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I have the following two questions.

  1. I'm aware of the concept of a linked list. What is a linked list of intervals?

  2. I need to store a very huge (more than 100 bits) number in C/C++ and perform bitwise operations on it. Without using any big number library, what would be the best data structure to handle this scenario ?

Thank You

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"linked list of intervals" Where did you come across this? –  Lazer Aug 22 '10 at 18:19
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4 Answers

  1. The name doesn't ring any bells. If intervals are objects, then it's just a linked list that stores those objects. Perhaps you mean a skip list?
  2. If you're using C++, use a bitset. Otherwise, I would just use a classic table of four 32 bit ints.
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Thanks for the reply. Can a bitset store 100,000 bits ? –  James Aug 22 '10 at 8:34
    
@James - it would depend on hardware too of course, but I would say yes, definitely. That's well under a megabyte of memory. –  IVlad Aug 22 '10 at 9:04
    
as much as I hate to suggest it, if the number of bits isn't known in advance, std::vector<bool> might actually be appropriate to use. –  jalf Aug 22 '10 at 11:53
    
@jalf: noway, vector<bool> having an actual use? Heresy. –  DeadMG Aug 26 '10 at 14:26
    
@DeadMG: yeah, I know. If it was me, I'd probably prefer to use boost::dynamic_bitset instead, but I guess since they're not deprecating vector<bool> in C++0x, I can't really object if people choose to use it as a dynamic bitset –  jalf Aug 26 '10 at 19:02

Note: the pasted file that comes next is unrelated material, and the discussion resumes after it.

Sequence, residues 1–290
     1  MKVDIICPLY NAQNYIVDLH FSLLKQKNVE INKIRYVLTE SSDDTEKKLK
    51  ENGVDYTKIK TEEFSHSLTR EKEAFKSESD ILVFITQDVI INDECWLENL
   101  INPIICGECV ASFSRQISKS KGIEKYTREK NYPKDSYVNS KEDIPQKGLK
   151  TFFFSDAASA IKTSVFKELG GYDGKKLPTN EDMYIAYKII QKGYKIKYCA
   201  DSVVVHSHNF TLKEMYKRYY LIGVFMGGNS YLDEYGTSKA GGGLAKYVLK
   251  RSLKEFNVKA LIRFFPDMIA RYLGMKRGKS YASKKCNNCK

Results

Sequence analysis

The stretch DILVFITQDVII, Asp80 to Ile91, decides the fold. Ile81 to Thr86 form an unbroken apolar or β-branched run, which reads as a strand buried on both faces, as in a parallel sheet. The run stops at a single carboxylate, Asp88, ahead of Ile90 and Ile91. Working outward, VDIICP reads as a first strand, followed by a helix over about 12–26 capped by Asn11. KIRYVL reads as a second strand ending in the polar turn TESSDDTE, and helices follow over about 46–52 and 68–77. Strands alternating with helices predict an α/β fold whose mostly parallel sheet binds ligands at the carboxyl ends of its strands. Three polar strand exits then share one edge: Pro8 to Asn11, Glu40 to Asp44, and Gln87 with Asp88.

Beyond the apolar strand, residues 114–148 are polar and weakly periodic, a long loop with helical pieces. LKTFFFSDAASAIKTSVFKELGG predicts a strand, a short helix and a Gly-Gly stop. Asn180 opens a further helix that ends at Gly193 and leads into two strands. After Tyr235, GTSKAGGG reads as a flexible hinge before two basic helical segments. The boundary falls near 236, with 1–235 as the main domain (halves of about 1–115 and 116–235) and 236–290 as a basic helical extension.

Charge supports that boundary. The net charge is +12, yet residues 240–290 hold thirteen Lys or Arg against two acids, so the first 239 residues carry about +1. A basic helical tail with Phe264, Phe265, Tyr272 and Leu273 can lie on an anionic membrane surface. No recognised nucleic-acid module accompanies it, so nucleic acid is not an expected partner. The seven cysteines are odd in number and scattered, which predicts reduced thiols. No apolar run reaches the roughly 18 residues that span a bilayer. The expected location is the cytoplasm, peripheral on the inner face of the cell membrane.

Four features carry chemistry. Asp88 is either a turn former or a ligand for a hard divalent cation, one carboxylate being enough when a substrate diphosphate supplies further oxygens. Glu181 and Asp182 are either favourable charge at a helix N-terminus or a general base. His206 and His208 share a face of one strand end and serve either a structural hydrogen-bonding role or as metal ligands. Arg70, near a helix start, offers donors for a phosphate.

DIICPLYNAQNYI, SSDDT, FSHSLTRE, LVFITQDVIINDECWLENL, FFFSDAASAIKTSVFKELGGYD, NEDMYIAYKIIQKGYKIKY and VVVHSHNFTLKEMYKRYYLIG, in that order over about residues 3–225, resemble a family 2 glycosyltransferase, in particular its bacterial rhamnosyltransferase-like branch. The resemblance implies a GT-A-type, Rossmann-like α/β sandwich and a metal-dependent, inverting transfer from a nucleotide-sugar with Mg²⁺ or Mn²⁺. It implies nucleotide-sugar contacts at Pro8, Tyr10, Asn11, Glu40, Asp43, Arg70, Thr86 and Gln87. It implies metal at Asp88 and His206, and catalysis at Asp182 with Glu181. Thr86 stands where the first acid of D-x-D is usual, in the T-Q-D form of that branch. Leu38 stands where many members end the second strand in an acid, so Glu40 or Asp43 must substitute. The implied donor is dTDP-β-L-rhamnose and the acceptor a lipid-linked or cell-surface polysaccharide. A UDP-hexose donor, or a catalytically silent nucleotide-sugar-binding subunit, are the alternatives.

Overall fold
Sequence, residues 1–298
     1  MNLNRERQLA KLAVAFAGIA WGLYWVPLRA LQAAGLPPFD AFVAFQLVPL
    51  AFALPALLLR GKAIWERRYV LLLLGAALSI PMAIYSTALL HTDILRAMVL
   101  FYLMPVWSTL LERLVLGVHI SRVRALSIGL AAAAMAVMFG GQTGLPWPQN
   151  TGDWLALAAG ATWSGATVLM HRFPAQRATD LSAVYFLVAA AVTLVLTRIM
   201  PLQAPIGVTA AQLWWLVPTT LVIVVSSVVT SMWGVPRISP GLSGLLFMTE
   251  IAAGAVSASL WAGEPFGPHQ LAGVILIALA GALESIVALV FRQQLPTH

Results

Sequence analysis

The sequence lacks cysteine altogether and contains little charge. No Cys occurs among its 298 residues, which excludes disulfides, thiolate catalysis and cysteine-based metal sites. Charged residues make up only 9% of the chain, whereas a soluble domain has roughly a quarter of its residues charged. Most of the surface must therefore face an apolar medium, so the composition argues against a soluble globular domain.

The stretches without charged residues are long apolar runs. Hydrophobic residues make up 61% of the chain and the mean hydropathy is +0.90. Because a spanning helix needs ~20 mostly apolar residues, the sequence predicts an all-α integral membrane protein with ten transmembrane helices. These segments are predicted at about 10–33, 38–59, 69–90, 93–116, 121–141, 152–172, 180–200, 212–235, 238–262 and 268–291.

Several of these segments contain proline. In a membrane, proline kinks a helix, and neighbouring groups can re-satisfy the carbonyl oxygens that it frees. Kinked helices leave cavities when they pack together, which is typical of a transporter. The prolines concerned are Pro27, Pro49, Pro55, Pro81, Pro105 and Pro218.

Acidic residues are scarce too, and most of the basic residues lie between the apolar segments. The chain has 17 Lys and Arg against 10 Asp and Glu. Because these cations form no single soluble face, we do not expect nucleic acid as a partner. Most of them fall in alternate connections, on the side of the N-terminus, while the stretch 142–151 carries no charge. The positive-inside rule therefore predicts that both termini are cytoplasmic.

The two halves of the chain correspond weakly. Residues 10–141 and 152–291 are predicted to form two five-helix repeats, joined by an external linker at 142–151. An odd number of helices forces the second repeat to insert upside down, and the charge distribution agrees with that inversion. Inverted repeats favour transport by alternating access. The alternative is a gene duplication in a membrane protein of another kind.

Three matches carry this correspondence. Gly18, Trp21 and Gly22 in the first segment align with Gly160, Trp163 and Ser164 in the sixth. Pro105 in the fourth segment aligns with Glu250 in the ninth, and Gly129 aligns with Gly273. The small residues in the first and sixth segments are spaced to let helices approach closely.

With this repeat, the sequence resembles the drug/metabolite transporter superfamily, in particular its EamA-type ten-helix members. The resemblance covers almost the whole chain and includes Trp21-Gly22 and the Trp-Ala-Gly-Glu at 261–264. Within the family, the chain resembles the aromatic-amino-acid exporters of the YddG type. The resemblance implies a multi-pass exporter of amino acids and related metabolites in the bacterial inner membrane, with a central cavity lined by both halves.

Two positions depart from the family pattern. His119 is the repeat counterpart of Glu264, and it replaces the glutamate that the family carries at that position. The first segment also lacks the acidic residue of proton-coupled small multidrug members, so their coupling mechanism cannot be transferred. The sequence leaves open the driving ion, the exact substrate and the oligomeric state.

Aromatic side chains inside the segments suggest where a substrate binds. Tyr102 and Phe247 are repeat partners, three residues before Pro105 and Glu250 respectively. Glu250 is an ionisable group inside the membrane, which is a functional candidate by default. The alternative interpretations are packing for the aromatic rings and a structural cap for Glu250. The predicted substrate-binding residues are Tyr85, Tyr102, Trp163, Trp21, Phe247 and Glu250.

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If you want to write your own class to handle large bit numbers (I don't know why you would), you could wrap a vector. You'd have to catch your own overflow though. This is a huge pain, and I only bring it up because this was a final project for us for a C++ class I took, lol. I don't recommended this =P

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I made a comment on this is another question, which was asked by someone else. This seems to be referring to my comment, so I'll explain what I meant. What I was suggesting was:

struct interval_node {
      int index;
      struct interval_node* next;
}

where index stores all the points where the bit "flips". This is a huge memory advantage if you have something like 11111111111100000000000, because it only needs to store the fact that the first bit is 1 (outside of the struct somewhere), as well as that the bit flips in the 12th index (being 0-based), rather than storing each individual bit itself. This can scale to 100,000 bits without eating up as much memory as long as the sequence doesn't have a ton of things like

1010101010101010101010101010101010101010101010

Because the it flips at every bit.

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For the second part of the question, try std::bitset

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-1 for not linking to docs. –  Matt Huggins Oct 5 '10 at 2:12
    
ooh! updated link to docs –  dubnde Oct 12 '10 at 13:23
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